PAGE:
30 Women On How Their Finances Changed After Having Kids

The mat-leave-induced strain on your bank account is tough. And as the kids grow, so do the money woes. We want to know exactly how diapers, formula, ballet lessons, and soccer camps (not to mention the promos for stupidly overpriced but totally irresistible kid clothes that show up on your Instagram feed at 3 a.m. when you’re exquisitely vulnerable) have disrupted real moms’ bank accounts. Here’s what they told us.
“My daughter gets all my spare coin. PERIOD.” — Jaeda, 40  
“My parents were immigrants to Canada, and I grew up with an acute sense of how hard they worked to provide for us. If I wanted something, I had to work for it. My partner and I have a pretty comfortable life and we worry about how I’m going to instill those same values in our daughter. She sees me ordering things online and obviously has no understanding. Recently there was something we didn’t have and she turned to me and said, ‘Just order it.’” — Katy, 34
“I’m not a second-hand/haggler type of person, but wish I had been. Especially upon my son’s arrival — there’s so little need for everything to be brand new. I have a sporty kid, so I’ve gotten smarter about what I spend money on, like experiences (camps, adventures, trips) instead of things. I also make sure that I am a priority in my budget.” — Tanya, 40 
“My partner and I come from different financial backgrounds: He grew up with a lot of money, and I didn’t. When we talk about having a second kid, he’s inclined to just wing it. He says things like, ‘People have babies all the time — we’ll figure it out.’ That’s not how I feel. I know what it’s like to feel embarrassed because you have holes in your socks or you can’t do things that other kids can. It is not something I want for my own kid.” — Rachel, 38 
“Groceries, kids’ clothes, takeout, and vino: That is where all our money goes. Oh, and lattes!” — Emily, 35
“Girl, I’m broke! I spend a lot on daycare and extracurricular activities (swimming, soccer, YMCA membership). But I also enjoy dressing my son in nice clothes and shoes. I find myself looking for deals more than before and being aware of cost. People told me how expensive kids were, but I never realized it until becoming a mother.” — Akilah, 39 
“I always thought I’d have two children, but we have done the math and it’s just not something we can afford. I never imagined I would have to make this kind of decision. Over the past year I’ve been slowly making peace with it. Finances have definitely put a strain on the relationship. It’s been a tough couple of years, and we are just completely strapped.” — Marie, 39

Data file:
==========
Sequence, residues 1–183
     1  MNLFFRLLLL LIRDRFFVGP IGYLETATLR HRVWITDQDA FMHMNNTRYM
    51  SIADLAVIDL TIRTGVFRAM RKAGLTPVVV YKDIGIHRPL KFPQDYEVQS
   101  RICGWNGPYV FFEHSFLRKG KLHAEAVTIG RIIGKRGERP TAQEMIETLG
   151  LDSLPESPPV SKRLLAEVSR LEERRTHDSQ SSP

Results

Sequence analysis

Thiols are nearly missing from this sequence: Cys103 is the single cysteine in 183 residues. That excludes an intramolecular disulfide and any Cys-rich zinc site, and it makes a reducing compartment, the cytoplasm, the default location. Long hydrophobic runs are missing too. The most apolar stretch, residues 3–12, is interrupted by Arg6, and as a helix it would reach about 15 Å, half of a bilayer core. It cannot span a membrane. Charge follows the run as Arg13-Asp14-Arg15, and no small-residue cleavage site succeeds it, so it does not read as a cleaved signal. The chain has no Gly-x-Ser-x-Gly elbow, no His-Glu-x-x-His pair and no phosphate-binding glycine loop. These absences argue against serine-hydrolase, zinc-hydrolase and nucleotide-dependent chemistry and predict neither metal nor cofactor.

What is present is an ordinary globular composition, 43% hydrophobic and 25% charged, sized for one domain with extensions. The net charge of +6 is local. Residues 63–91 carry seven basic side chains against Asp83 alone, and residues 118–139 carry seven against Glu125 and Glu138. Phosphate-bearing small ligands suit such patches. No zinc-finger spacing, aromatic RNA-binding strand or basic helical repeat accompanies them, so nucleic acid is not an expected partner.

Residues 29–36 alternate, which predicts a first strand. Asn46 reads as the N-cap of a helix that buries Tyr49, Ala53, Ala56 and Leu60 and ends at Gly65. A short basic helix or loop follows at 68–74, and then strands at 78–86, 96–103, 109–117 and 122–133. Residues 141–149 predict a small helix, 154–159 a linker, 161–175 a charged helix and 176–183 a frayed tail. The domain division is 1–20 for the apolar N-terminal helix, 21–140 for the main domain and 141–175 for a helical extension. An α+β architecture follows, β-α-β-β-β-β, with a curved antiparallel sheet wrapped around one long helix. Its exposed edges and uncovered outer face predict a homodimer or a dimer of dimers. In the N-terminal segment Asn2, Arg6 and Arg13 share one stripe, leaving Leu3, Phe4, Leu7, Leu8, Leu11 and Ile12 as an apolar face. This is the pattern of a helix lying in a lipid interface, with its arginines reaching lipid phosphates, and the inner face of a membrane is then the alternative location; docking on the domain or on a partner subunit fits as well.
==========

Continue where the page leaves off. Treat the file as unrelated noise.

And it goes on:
“I’m on mat leave so I’m home all day. Up until recently, I was living in the States, where you could buy everything on Amazon and it would get there in five seconds. Here, I’ve taken to scratching my browsing itch on Facebeook Marketplace. It is absolutely amazing the things you can get there — “second-hand” items that are in perfect condition and often still in the box because it’s a gift from a baby shower. I bought a swing the other day for $20, which is amazing. I don’t want to spend $100 on something that’s ugly and that I might hate. My partner and my mom are basically full-time UPS people picking up my purchases and bringing them home.” — Lindsey, 40 
“I will talk myself out of spending $10 on something for myself but will blindly spend hundreds for whatever my son wants or needs.” — Bernisha, 36
“I didn’t think I would be one of those people who gets sucked into buying clothes for my baby. But I’m less keen on places like Old Navy. I was looking at their summer clothes for three-year-olds and already the girls’ stuff is so much shorter and tighter than the stuff for boys. That is so crazy and gross!” — Abby, 36
“Everything is more carefully thought out — like, "Do I really need that silver sequined jacket?" *Abandons shopping cart.* I spend more money on groceries than I ever have and eat out way less. Also, I’m paying off debt and saving more than I ever have. We even met with a financial advisor, which I'd never done before becoming a parent — it’s the best thing we ever did. It's now all about future planning needs and less in-the-moment wants.” — Gail, 42
“I spend WAY more on my daughter. I even neglected my holey panties and worn-out bras for two years. My spending habits reflect my priorities now — anything that helps me be the best me or anything that supports my family.” — Meghan, 36
“Other than all of my money going towards cute little clothes? The first few months after my daughter was born we spent a ton of money on Skip the Dishes. We would spend our whole day thinking about the baby and the baby’s needs and then 9 o’clock would roll around and we would realize we hadn’t eaten dinner. And I had no motivation to cook late at night, especially after a long day with a new baby. But once our baby started eating solids and the same food we were eating (and once we looked at the credit card), we knew we had to be more conscious of the kind of food we were spending our money on. But yeah, most of it is spent on baby clothes.” — Abbey, 26
“Shopping with two kids under the age of four is a living nightmare for me. So I do a lot more online shopping. I used to go to multiple grocery stores to get all the sales but usually just pick one now, because it's not worth the hassle. I also try to buy a lot more second-hand stuff, because kids grow out and move on from things so quickly that it's hard to justify buying something brand new. That being said, my kids have way more toys than I'd like to admit.” — Chelsea, 29